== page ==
The Archbishop of Adelaide, Australia, has been convicted of failing to report the sexual abuse of minors by a fellow priest in the 1970s. He may spend a year under “house arrest,” wearing an ankle bracelet. He retains his office as of this writing.
The news may not shock us, for the seemingly endless disclosures of immorality and criminality among Catholic clergy worldwide have left us numb. That this case involves an archbishop, however, rather than a mere priest, has caused some to note approvingly that prosecutors now appear willing to take on the hierarchy of the Church. That priests have gone to jail for their hideous crimes is one thing; for an archbishop to go to jail (even within his own episcopal residence) is something else again. It is as though a general were court-martialed, instead of a private.
But the crucial fact to note in the archbishop’s case is that he has been convicted, not for something he did, but for something he didn’t do. The priest accused of the actual abuse was, some years later, convicted of nine criminal counts of sexual abuse, sentenced to prison and died shortly thereafter. The archbishop’s claim that the abuser always seemed to him to be a fine fellow and that he hadn’t the slightest knowledge or suspicion of his crimes failed to convince the court. His lawyer tried to argue it both ways, claiming the archbishop, then a priest serving in the same parish with the offender, did not know in the 1970s that sexually molesting children was a criminal offense that ought to be reported. Again, the court was not convinced.
It seems highly improbable, to say the least, that the archbishop knew nothing about the inclinations and activities of his fellow priest, especially when such was reported to him by two of his victims. His Excellency says he has no recollection of receiving such information at the time. It would be wonderfully refreshing for once to have a member of the hierarchy admit his crime, beat his breast, beg forgiveness and ask for a stiff sentence. Don’t expect to see it anytime soon.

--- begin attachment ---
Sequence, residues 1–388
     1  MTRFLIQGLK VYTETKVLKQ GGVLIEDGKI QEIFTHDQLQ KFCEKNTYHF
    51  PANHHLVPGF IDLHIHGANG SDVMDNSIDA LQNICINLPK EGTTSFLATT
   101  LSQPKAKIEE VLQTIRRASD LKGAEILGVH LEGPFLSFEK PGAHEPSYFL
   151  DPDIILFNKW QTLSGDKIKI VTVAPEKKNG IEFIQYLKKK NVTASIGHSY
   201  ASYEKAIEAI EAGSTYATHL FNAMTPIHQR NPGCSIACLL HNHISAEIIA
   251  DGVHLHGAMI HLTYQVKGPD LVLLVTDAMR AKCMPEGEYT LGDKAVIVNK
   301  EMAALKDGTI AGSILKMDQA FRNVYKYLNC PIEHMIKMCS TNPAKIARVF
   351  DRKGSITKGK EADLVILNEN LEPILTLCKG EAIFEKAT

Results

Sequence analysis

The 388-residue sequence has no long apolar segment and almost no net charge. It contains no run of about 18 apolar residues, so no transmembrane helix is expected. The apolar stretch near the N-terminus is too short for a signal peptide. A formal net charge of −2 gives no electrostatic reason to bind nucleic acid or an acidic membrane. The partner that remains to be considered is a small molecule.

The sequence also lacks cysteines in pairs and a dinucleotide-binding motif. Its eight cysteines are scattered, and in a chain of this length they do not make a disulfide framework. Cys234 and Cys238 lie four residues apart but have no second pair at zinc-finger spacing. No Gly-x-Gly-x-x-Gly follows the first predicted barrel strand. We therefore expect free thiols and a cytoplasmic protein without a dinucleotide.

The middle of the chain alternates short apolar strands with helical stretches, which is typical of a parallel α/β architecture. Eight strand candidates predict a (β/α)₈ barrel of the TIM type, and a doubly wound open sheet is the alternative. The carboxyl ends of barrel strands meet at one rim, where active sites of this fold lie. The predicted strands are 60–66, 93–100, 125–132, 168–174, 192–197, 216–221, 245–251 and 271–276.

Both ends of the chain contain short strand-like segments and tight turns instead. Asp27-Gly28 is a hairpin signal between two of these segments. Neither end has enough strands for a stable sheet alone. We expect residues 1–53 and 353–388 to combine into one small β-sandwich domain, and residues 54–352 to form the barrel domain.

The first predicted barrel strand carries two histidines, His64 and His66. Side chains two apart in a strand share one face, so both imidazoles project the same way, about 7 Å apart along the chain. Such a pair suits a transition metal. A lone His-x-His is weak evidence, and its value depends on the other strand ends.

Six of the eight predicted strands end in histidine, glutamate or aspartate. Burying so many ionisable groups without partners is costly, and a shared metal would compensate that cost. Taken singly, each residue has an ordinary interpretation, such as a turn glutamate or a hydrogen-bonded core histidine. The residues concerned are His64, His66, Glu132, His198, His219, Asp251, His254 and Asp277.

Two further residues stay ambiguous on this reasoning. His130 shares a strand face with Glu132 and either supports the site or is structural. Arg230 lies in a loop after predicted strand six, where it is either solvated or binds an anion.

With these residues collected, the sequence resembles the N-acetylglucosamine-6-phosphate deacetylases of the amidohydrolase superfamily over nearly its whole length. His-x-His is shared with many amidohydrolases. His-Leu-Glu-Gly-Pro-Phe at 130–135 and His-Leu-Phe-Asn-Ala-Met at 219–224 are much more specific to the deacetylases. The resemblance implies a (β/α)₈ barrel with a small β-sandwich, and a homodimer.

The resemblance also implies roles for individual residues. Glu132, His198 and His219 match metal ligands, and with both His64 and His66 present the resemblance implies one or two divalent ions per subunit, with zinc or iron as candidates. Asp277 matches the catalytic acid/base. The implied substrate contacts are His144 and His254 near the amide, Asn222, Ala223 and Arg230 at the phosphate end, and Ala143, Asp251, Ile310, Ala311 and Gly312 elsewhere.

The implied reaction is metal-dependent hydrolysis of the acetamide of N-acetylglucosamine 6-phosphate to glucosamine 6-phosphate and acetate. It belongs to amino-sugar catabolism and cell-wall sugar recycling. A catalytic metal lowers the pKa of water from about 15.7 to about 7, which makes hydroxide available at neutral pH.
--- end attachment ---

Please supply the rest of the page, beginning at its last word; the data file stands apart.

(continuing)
The main thing, the central thing, the HUGE THING that must be realized now is that not only the Archbishop of Adelaide, but many, perhaps the majority, of priests and bishops in the Catholic Church are GUILTY! Many priests are homosexual, a relatively small number of whom have abused or are abusing children. The real problem is not pedophilia among the clergy, hideous as this may be, but widespread homosexuality and the networks of power spawned by this perversion. It must be recognized that to a large extent homosexuals control the chancery offices and seminaries and their reach extends deep inside the Vatican.
The concentrated attention given to pedophilia among priests is something of a red herring. It draws the public eye away from the principal corruption that is rotting the Church from within. Until this is admitted, no commission or statement or investigation of sexual abuse will be more than a public relations exercise and a distraction from the essential issue.